Aaron “God of Everything Television and Movies” Sorkin’s The Newsroom finally hit the TV waves after months of hype. And while some reports are already dogging it – *ahem*, The New Yorker – I enjoyed what I saw. In fact, regardless of future episodes or even the overall fate of the show, that was easily one of the best pilot episodes I have ever seen.
And that is just the television side of me…my not-so-subtle Theater nerd was L-O-V-I-N-G every minute of it. The entirety of the show can be summed up as Aaron Sorkin (who has had a smash-hit or 5) meets modern-day news/journalism culture (which I studied in college as apart of my PR education…hence, I j*adore) with a teaspoon of theater (no further explanation required). Count me in!
Allow me to put out some talking points for your water cooler chat today.
-- Sorkin knows how to WRITE! And create full-fledged characters. And have these extensive whip smart, fast-paced scenes of dialogue that plays up the intelligence of the audience. And incorporate elements of modernity to wink at the iPhone using, 140 character tweeting, YouTube journalistic audience that has developed in the last four-ish years. Basically, Sorkin can do no wrong.
-- Also, did anyone have a drinking game going every time a theater reference was made? If you did, you probably got a good buzz going by the time the 75 minutes were over. We’ll get to casting in a minute, but the Annie, Man of la Mancha and The Merchant of Venice references are much appreciated coming from this theater blogger. Because theater is not referenced enough in the mainstream and considering Smash’s utter mediocrity and Glee’s now raging mediocrity, we will take it in any well-written venue we can get it.
-- Oh, The Newsroom…you didn’t think we would notice, did you? That little voice of the un-trained oil inspector was none other then Jesse Eisenberg. Yes, THAT Jesse Eisenberg, who played Mark Zuckerberg (and received an Oscar nomination for his performance) in Sorkin’s The Social Network. Oh, we noticed…and we liked it for its utter randomness and the show’s mum ness (as of now at the least).
-- Casting was also on-point…because if Sorkin misfired on anything, the world would shift out of its equilibrium and go barreling towards the sun. Jeff Daniels was surprisingly good as the jaded news anchor. Emily Mortimer was fabulously British and bitchy; I could watch her read chair assembly instructions. On the theater side of things, Thomas Sadoski, who was last seen originating the role of Tripp Wyeth in Other Desert Cities, was pitch perfect as the unintentional, douschetastic antagonist. Alison Pill was also on Broadway not too long ago, as was Johnny Galls…this show can make superstars out of its ensemble, which is making my overprotective blog father kick-in and want to wrap the ensemble in blankets and stick them on a Broadway stage somewhere eight times a week. Oh, impulses…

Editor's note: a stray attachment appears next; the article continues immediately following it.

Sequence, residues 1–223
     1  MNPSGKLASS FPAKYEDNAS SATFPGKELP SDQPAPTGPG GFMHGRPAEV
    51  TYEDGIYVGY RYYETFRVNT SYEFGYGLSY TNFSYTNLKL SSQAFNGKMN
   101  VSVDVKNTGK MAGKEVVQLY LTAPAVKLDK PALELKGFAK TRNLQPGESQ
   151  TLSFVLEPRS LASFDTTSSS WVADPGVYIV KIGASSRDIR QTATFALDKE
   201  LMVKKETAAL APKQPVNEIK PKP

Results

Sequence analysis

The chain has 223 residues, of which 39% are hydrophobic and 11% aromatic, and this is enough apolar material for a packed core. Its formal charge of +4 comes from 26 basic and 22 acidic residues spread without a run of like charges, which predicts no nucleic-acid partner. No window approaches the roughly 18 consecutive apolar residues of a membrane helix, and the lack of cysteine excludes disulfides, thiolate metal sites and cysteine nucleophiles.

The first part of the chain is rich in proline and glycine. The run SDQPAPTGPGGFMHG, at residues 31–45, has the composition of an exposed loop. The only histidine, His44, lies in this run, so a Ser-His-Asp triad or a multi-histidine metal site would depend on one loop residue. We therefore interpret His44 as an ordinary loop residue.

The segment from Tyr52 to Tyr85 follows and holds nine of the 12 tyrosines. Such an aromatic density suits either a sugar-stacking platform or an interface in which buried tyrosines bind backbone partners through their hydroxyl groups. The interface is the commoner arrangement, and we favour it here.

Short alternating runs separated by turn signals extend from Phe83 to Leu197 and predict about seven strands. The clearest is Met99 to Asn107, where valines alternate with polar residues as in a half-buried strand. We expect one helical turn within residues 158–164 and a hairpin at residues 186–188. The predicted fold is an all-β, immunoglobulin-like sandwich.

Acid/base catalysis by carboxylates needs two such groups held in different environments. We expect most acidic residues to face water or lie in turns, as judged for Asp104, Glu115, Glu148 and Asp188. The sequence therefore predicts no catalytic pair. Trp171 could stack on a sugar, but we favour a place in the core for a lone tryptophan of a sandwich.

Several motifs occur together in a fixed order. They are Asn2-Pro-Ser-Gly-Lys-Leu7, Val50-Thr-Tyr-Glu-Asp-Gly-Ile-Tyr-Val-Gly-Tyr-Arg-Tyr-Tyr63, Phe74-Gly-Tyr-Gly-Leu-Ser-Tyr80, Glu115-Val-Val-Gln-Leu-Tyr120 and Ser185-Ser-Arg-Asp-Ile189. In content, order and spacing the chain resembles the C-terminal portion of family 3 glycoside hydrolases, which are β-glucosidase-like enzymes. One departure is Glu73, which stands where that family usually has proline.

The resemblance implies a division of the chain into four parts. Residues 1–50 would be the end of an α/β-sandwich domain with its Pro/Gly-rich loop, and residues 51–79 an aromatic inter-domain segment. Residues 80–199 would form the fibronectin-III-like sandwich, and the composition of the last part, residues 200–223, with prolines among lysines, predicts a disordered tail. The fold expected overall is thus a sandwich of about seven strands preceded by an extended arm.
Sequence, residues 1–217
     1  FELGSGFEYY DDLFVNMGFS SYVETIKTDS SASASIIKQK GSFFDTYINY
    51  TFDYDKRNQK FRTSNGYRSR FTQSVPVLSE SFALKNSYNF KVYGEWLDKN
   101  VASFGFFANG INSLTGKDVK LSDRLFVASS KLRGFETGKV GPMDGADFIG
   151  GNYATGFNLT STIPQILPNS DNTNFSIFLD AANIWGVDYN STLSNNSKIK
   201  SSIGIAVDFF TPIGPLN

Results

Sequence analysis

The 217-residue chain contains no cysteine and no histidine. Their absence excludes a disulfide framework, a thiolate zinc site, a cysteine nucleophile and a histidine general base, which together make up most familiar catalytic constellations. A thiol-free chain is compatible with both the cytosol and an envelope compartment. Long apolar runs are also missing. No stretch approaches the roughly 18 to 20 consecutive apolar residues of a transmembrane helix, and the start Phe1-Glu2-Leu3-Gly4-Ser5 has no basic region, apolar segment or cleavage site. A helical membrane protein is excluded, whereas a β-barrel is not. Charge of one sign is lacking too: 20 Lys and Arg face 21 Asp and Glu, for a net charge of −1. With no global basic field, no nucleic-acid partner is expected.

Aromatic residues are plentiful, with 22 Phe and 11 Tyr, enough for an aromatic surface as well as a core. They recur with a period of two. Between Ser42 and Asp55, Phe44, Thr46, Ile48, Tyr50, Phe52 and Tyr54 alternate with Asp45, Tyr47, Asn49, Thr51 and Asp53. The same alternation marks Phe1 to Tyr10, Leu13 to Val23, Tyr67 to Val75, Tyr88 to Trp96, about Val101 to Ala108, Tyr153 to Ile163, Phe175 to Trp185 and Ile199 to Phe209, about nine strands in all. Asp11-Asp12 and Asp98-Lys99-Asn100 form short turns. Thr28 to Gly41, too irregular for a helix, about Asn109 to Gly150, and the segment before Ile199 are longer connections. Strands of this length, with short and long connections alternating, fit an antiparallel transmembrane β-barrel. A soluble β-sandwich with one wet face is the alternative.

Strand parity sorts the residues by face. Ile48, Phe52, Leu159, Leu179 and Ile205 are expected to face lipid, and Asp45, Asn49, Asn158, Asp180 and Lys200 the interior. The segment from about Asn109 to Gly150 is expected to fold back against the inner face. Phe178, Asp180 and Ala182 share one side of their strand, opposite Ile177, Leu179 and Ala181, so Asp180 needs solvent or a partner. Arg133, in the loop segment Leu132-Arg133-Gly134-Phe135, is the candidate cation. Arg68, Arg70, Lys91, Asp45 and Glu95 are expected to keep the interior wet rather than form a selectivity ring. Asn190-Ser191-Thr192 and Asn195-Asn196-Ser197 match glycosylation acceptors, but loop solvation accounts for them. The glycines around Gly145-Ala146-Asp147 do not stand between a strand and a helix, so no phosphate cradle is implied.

|John Gallagher Jr. is giving a stern pose.|
Like a boss.
-- John Gallagher Jr. walked in…AND FELL FLAT ON HIS ASS. Talk about a DVR moment; I already watched it
3 7 10 26 times. Tumblr GIFs
and memes for days…thank you Aaron Sorkin for that moment in our lives. I’ll
add you to my list of muffin basket recipients.
-- And WOW, lovely readers…how great was Johnny Galls? His last three Broadway outings had him reveling in teenage angst or adult degeneracy…and yet, in a stroke of casting genius, there he was all suited up and polished looking (and not in the “suicidal,” metaphorical “I want to cut a bitch” kind of way a la American Idiot). He brought his A-Game playing that fast-talking, hyperactive, occasionally awkward senior segment producer…and lets get reals here: he wouldn’t be John Gallagher Jr. if there was not some awkwardness. Or a whole lot of it, either way…I approve. As I tend to do when it comes to anything Johnny Galls.
-- Lastly, the John Gallagher Jr. and Dev Patel instant-bromance was pretty epic, no? Not as epic as John Gallagher Jr. throwing down and winning at everything, including shutting down Thomas Sadoski’s character. But still, Spring Awakening meets Slumdog Millionaire is something I never thought I would be saying. Now, I am hoping for the two of them to perform an acoustic, interpretative version of “Jai Ho (You Are My Destiny).” HBO and Sorkin? Ratings extravaganza; let me tell you. Besides, it is hard to shake the idea of Gallagher Jr. flirting with
sister from Pieces of April
Alison Pill, so his brewing bromance with Patel and his already established
working relationship with Mortimer’s character interest me way more.